From Groundwater to Drinking Water—Microbiology of Karstic Water Resources

Domenico Savio, Julia Derx, René Pascal Lang, Alexander K.T. Kirschner, Regina Sommer, Alfred P. Blaschke, Kirsten Küsel, Andreas H. Farnleitner

Research output: Contribution to book/report/conference proceedingChapter in book/report

1 Citation (Scopus)


Karst landscapes cover large parts of our globe. The aquifers laying below their surface are of high importance for global drinking water supply—although many of them being vulnerable to chemical and fecal pollution. This chapter intends to give an overview on the available knowledge on the microbiology of karst aquifers, typical sources of microbiological pollution, and available management strategies for the protection of karst water resources. Emphasis is also given to the environmental factors influencing the assembly of the planktonic fraction of the microbiome. These include the hydrogeology and biogeochemistry of karst aquifers, important influential catchment characteristics and the role of native microbes in karst aquifers. The main focus of the chapter is on the vulnerability of karst aquifers to fecal pollution, its sources and potential impacts on human health, as well as on the available approaches to study and manage karst water resources that are used for drinking water supply. In this context, a recently proposed strategy for the sustainable quality management of karst water resources based on a holistic analysis of fecal pollution and its sources is presented to support its safe and high quality use.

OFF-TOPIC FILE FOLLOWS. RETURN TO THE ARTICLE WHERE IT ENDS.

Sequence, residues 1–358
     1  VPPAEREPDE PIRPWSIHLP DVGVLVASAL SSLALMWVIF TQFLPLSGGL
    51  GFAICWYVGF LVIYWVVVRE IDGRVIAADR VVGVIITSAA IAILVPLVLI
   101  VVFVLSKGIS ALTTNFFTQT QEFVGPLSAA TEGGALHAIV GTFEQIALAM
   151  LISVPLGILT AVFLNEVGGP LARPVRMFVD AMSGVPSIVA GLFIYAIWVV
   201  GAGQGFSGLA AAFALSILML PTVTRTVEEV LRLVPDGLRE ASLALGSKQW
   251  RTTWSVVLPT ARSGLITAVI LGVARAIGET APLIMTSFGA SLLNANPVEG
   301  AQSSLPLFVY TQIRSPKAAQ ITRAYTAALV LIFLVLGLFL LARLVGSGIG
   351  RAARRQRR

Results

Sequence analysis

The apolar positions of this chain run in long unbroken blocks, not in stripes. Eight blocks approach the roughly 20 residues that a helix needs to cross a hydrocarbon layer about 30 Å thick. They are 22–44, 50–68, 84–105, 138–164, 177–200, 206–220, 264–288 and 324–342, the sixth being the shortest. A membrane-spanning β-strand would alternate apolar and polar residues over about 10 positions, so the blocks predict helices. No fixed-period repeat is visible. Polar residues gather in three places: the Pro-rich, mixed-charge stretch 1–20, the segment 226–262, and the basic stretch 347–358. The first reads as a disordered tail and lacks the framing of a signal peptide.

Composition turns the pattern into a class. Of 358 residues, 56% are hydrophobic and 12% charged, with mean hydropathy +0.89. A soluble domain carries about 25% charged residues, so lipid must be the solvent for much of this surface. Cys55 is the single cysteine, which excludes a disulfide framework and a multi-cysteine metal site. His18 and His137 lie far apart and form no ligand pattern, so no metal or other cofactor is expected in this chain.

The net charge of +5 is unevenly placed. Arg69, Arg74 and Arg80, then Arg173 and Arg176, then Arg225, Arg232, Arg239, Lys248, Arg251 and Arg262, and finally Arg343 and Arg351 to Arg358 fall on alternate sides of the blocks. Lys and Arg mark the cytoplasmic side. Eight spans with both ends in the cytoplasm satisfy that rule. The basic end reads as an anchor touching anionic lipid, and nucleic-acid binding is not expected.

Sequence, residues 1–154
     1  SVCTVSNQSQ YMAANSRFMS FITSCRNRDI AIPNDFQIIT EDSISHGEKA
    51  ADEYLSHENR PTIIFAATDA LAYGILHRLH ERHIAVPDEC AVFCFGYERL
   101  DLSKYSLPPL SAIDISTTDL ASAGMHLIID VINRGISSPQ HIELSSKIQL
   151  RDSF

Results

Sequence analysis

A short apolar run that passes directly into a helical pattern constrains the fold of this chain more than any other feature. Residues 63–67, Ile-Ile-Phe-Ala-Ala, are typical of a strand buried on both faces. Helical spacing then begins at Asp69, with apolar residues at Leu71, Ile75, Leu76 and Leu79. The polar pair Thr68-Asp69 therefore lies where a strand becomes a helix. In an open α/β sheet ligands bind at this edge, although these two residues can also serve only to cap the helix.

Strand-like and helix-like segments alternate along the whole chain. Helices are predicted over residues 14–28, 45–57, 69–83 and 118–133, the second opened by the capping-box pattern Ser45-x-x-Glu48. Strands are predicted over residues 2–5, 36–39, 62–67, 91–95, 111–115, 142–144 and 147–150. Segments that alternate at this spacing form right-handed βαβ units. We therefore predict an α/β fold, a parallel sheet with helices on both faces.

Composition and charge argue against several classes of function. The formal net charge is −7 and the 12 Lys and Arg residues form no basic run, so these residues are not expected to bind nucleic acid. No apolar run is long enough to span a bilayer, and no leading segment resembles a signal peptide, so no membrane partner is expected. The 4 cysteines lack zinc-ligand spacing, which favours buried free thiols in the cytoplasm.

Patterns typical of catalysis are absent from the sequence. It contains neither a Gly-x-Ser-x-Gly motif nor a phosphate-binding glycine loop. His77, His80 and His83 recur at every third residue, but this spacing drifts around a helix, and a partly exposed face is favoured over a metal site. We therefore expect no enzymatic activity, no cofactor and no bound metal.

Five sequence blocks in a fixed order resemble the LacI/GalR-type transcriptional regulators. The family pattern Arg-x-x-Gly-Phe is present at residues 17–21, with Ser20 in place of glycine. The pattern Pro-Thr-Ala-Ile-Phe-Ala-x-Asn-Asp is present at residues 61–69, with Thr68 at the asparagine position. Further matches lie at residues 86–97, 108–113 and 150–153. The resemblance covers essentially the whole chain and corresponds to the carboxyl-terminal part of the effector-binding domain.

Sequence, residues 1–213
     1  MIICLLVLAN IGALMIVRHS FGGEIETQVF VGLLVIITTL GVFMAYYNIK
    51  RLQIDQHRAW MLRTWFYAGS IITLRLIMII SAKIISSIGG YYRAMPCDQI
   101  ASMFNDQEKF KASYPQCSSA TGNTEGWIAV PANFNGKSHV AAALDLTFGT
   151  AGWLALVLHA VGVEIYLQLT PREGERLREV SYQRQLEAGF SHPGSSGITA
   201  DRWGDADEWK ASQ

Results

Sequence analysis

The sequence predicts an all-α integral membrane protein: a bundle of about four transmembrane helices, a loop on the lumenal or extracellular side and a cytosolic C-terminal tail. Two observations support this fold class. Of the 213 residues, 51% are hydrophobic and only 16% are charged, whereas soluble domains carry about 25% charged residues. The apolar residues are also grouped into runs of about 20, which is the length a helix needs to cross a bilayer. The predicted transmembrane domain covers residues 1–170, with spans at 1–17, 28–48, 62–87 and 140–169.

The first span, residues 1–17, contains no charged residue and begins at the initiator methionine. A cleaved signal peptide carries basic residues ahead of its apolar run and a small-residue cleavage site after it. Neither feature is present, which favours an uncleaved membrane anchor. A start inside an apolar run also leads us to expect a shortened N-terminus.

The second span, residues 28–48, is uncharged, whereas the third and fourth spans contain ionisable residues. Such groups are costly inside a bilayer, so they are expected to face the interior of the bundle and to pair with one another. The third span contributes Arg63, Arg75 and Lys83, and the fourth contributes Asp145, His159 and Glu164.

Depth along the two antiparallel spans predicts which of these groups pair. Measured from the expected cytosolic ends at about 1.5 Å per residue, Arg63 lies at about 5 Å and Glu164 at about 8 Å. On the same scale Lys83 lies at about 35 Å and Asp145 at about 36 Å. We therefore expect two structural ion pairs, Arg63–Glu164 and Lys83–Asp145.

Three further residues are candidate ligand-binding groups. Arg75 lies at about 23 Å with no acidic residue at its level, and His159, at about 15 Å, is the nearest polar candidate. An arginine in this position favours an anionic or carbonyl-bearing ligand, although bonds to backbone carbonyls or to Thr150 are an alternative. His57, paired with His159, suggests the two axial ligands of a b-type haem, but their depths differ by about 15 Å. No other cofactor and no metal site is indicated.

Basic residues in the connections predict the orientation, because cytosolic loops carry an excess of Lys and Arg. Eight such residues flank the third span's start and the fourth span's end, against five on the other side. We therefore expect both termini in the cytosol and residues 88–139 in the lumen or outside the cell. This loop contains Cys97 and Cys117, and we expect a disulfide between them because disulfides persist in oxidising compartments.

Original languageEnglish
Title of host publicationEncyclopedia of Inland Waters, Second Edition
Number of pages20
ISBN (Electronic)9780128220412
ISBN (Print)9780128191668
Publication statusPublished - 01 Jan 2022


  • Biogeochemistry
  • Catchment protection
  • Drinking water abstraction management
  • Epidemiology
  • Fecal pollution
  • Hydrogeology
  • Infection risk assessment
  • Karst aquifer vulnerability
  • Karst microbiology
  • Microbial ecology
  • Microbial fecal source tracking
  • Water-transmissible intestinal pathogens

ASJC Scopus subject areas

  • General Agricultural and Biological Sciences
  • General Environmental Science


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